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An endless faith

By Prune Irolla and Mathieu Bonvoisin

Though we read it and heard about it everywhere, we can say from our own experience now: Filipinos are so welcoming. From our first day in Tacloban, we were invited to birthdays, baptisms, parties… even if we knew the people for just about an hour or less. They really want you to feel at home, and it worked pretty well for us.

Through their smiles and their laughs, you could just forget about what happened one year ago. However, every Taclobanon was affected by Typhoon Yolanda: from the richest to the poorest, everyone was hit, and everyone suffered, more or less. This family saw their house literally washed-up, that father lost his two children, and so on… some people are even still living in tents – more than 300 families. But when the stories are told, there are no tears, no disappointment: only a serious tone, from those who forgave, but won’t forget.

If only they could have known the strength of this disaster before. But people are becoming so used to typhoons; they didn’t believe that this one would be stronger. Often they kept going on their daily life, and that was one cause of their loss.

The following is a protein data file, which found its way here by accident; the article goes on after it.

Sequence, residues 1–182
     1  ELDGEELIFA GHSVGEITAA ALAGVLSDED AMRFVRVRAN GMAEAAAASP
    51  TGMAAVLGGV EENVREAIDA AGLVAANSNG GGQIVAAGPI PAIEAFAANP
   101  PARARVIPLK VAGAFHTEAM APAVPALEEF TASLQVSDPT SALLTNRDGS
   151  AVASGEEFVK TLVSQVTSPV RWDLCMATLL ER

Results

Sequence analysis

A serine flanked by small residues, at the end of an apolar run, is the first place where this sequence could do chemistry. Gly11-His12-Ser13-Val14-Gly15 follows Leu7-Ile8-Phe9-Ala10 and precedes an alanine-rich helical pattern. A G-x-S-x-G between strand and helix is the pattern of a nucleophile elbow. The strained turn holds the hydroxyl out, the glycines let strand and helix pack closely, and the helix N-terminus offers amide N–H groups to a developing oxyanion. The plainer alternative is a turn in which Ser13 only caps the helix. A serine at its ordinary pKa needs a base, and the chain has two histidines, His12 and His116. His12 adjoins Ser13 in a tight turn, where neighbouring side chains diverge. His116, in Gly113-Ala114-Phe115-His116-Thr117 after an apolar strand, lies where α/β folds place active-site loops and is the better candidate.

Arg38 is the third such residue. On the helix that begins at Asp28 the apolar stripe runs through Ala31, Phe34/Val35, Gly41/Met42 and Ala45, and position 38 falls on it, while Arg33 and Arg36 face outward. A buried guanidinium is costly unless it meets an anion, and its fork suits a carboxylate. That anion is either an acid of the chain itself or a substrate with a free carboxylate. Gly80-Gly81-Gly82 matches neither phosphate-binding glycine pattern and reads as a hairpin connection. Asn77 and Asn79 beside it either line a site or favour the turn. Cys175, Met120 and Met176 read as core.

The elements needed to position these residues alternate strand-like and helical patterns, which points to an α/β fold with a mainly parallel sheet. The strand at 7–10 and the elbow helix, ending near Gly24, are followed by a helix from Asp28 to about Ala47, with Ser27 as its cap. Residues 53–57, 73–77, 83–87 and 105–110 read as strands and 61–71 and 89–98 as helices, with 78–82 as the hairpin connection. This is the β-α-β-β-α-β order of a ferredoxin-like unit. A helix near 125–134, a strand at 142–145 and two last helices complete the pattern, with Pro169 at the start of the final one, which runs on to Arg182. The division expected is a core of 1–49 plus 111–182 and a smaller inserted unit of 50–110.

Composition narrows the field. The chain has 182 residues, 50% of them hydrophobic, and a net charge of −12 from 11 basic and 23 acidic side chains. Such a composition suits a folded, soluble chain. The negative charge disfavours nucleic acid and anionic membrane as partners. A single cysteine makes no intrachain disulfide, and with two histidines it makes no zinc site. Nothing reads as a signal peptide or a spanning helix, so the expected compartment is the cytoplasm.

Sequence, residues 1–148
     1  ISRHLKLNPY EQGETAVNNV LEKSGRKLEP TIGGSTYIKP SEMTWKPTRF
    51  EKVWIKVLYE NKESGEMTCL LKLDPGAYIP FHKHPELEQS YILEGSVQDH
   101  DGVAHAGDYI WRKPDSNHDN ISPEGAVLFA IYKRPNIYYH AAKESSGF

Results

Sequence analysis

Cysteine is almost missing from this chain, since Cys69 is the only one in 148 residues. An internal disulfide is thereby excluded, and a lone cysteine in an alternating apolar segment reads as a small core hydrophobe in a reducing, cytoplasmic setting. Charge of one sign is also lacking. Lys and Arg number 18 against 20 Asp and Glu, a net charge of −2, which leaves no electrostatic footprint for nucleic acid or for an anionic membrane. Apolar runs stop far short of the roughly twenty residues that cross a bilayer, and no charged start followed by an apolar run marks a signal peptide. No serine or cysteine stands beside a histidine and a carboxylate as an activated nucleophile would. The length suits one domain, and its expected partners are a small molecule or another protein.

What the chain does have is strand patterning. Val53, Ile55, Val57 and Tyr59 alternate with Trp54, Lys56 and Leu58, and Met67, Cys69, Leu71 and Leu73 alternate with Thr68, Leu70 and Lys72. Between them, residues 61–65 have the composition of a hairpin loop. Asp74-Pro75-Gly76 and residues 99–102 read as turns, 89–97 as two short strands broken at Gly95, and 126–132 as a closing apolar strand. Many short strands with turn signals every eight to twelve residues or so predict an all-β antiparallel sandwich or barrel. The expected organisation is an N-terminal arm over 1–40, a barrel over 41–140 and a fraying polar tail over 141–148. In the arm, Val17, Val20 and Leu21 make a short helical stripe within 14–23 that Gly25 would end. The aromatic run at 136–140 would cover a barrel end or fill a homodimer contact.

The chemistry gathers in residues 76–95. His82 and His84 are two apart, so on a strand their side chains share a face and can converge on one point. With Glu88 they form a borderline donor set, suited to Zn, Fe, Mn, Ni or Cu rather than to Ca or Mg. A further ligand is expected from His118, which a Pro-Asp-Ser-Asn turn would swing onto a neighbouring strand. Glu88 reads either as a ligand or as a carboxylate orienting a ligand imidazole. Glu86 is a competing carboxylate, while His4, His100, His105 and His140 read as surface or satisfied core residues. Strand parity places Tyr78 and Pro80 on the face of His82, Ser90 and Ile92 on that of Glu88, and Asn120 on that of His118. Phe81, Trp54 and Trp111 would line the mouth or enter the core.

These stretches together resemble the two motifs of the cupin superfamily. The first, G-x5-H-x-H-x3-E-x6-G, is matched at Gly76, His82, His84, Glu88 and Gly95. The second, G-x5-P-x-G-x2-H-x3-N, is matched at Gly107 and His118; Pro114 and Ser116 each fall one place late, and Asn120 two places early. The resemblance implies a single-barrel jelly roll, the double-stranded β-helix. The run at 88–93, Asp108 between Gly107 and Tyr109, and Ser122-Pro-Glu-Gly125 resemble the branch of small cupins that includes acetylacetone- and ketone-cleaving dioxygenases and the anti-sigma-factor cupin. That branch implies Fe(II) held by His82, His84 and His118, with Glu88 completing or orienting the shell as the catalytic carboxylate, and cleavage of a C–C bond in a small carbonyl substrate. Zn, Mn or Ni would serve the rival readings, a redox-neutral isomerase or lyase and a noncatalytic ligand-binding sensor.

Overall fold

Paradise lost in a deserted barangay, Tolosa, Leyte, October 2014.

Paradise lost in a deserted barangay in Tolosa, Leyte, October 2014.

After all the pain, the same Taclobanons are the ones who welcomed us so well and shared their renewed happiness: this strength to move on seems to be pulled out of an endless faith. In comparison, if such a disaster occurred in France, people would have kept on whining for decades. But that is not France here, and people just tell you the facts without complaining once. It seems that they already faced the harsh truth, and are ready to live their new life.#

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